ChatterBank1 min ago

# Maths again Exponential expansion

11 Answers

the question is

find a and b in termns of n if the expansions of (1+x)n and exp ( ax/(1+bx)) are the same up to x2

(1+x)n is easyy 1 +nx + n(n-1)/2! x2 etc

but the exponent : 1 + ax/1+bx + a2x2/(1+bx)2/2!...

still doesnt give ascending powers of x

so I am not able to equate and compare coefficients

please help (a level 1968)

find a and b in termns of n if the expansions of (1+x)n and exp ( ax/(1+bx)) are the same up to x2

(1+x)n is easyy 1 +nx + n(n-1)/2! x2 etc

but the exponent : 1 + ax/1+bx + a2x2/(1+bx)2/2!...

still doesnt give ascending powers of x

so I am not able to equate and compare coefficients

please help (a level 1968)

# Answers

If you look again carefully you will see that it is correct. Here is a link to a pdf file which shows how it works very clearly:

https://docs.google.c...yMzctYjYxMTRmMDAwMzRh

ht

11:16 Fri 06th Jan 2012

Write ax/(1+bx) as ax(1+bx)^-1 and expand as

ax(1-bx+b^2x^2+terms in x^3 or above)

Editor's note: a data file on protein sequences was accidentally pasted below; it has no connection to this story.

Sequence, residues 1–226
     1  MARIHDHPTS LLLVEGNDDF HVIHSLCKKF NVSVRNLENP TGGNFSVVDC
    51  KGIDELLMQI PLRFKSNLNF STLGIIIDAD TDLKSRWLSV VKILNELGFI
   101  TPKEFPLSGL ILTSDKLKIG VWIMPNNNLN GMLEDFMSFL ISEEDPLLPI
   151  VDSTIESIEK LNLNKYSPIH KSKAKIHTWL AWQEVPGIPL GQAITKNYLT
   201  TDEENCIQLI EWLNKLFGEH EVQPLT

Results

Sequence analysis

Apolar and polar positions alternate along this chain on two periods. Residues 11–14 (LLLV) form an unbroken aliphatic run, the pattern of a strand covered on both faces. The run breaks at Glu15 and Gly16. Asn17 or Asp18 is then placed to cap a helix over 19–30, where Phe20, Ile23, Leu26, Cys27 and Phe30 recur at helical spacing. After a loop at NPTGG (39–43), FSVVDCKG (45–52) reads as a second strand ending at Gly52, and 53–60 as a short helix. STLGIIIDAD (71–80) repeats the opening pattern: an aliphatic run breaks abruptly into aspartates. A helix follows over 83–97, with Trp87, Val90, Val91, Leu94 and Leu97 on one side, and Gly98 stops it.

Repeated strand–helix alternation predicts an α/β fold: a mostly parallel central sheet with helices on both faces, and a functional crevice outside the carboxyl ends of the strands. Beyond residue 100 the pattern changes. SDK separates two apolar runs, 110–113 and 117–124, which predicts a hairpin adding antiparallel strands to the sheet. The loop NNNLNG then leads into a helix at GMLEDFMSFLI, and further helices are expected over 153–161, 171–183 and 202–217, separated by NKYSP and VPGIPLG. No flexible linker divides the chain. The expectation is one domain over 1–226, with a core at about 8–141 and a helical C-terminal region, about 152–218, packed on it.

so exp(ax(1-bx+b^2x^2+terms in x^3 or above)) is:

1+ax(1-bx+b^2x^2+terms in x^3 or above)+a^2x^2(1-bx+b^2x^2+terms in x^3 or above)^2

=1+ax-abx^2+a^2x^2+terms in x^3 or above.

If the x terms and x^2 terms in this series must be the same as those of

(1+x)^n=1+nx+n(n-1)x^2+terms in x^3 or above, then

a=n and n^2-nb=n(n-1)/2, so b=(n+1)/2 as long as n is not equal to 0.

You can see that this works for n=1 giving a=1 and b=1

and for n=2 giving a=2 and b=3/2

https://docs.google.c...yMzctYjYxMTRmMDAwMzRh

ALSO - you know I anwered this q in 1968 and got it out but couldnt remember how I had done it

also in getting me to think about it -for which I thank you - I saw that the alternative is to expand exp (ax(1-bx) to exp (ax - abx2) as exp(ax)exp(-abx2) as

(1+ax +a2x2/2.......)(1-abx2/2......) which lead to the same exp when multiplied out viz....

1 + ax + (a2/2-ab)x2

I thank you very very much and can asterisk your answer as the BEST as the toggle seems to be dead - manuy thanks again

## Related Questions

Sorry, we can't find any related questions. Try using the search bar at the top of the page to search for some keywords, or choose a topic and submit your own question.